The Small Robot Company has joined forces with the John Lewis Partnership, strategic design consultancy Method and a number of leading robotics companies and industry bodies in the UK, to develop a blueprint for “Human Robotic Interaction” in the 21st century.
Envisioned as an open framework to be evolved over time, this groundbreaking initiative will foster and accelerate the safe and ethical adoption of robotics across British industry. It will also help define how autonomous robotic technology should interact with people in the real world across different environments and sectors including manufacturing, retail and farming.
Science fiction writer Isaac Asimov is credited as the founder of the first laws of robotics when his 1942 short story Runaround outlined three rules governing robot behaviour, namely that an autonomous machine must not harm a person, always obey orders and protect its own existence without compromising its other principles. Seventy-seven years on, robot technology is increasingly ubiquitous across all sectors of the economy, with the explosion in autonomous robotics fuelled by Artificial Intelligence. The number of industrial robots active in the UK has grown by 30% according to the International Federation of Robotics highlighting the need for a framework to govern how robots should interact with humans as we start to encounter them in a wide range of everyday scenarios.
The Human Robotic Interaction blueprint will look to define:
The initial principles for the blueprint will be formally presented during a stakeholder consultation event on 1 August at Google's offices in London. This will be followed by a public consultation, supported by organisations such as the National Trust and LEAF. This will be launched at Countryfile Live on the same day in association with the National Trust. The output will then be developed into a first-of-its kind commercial HRI guide.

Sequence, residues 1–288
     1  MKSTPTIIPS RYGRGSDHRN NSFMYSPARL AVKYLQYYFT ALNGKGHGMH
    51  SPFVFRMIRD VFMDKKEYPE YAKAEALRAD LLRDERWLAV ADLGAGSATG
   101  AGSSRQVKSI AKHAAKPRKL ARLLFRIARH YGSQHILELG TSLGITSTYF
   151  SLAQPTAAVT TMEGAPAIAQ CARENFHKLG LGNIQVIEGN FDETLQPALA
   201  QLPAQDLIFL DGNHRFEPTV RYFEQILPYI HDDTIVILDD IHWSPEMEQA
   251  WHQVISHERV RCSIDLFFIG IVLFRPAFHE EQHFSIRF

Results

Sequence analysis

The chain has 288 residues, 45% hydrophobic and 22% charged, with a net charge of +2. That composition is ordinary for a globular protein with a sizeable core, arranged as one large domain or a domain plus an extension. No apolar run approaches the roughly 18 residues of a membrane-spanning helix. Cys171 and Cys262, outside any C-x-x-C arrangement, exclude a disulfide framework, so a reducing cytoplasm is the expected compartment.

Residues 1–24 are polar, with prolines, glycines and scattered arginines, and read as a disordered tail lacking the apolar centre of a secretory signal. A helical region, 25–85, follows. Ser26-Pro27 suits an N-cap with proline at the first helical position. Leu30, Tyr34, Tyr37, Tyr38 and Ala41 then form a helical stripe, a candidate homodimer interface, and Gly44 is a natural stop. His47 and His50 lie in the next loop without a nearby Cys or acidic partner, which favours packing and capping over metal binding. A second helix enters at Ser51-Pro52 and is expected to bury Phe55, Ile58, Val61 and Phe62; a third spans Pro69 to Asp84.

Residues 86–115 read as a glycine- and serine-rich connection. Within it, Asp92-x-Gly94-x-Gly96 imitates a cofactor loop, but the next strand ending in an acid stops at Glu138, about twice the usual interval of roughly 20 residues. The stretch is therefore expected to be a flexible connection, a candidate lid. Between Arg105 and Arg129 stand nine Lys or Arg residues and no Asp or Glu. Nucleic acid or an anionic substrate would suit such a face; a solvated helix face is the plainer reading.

This unique initiative follows on from Small Robot Company’s first collaboration with the John Lewis Partnership last November, when it commenced a three year trial of its harvesting robots on the Waitrose & Partners farm in Leckford, Hampshire. The robotics company also continues to work closely with the John Lewis Partnership’s Room Y innovation team, which is assisting in the development of HRI as well as other innovative propositions that could transform the retail industry.
John Vary, Futurologist at the John Lewis Partnership, comments: “Britain is a melting pot for robotics innovation and the use of autonomous robot technology to assist human workers is a very real prospect for the future. Before we get there, we need to define how that relationship works. The John Lewis Partnership started out as a radical experiment in industrial democracy and innovation continues to remain at the heart of our business today. Therefore we are uniquely placed to support businesses like the Small Robot Company as this technology evolves.”
Ben Scott-Robinson, co-founder, Small Robot Company, comments: “Real world robotics is set to explode. Powered by Artificial Intelligence, robots are now becoming truly autonomous, and we're about to see a massive influx of commercial robots in the consumer domain. In our shops, our factories, our hotels, our streets and our fields. It's vital that consumers can trust and feel comfortable with these encounters. So we're launching a cross-industry initiative to create a blueprint for robotics in the Fourth Industrial Revolution.”
Other collaborators on the Human Robotic Interaction initiative include: Method, The Manufacturing Technology Centre, The Turing Institute, Dr Karina Vold of the Leverhulme Centre for the Future of Intelligence, robotics designers Konpanion and industrial robotics start-up ZOA Robotics.
James Steiner, Method’s Design director comments: "At Method, we design new interaction paradigms that often go beyond the screen, connecting people and technology in the most human way possible. We believe that Real World Robots will be powerful allies in creating a more sustainable, productive and fulfilling future for people and the planet. It’s a privilege to work with John Lewis Partnership, Small Robot Company and the rest of the HRI team to define some universal principles that can be easily applied to improve the design of any Human Robot Interaction scenario. We believe the output of this initiative will provide valuable decision-making tools to anyone embarking on creating a real world robot solution."
Matt Jones, principal designer at Google AI, comments: “I'm excited to host the discussion and understand the collective efforts of the group so far. AI, data and robotics are obviously close to Google's heart and we're keen to support those exploring a robust framework for humanscale robotics and AI.”
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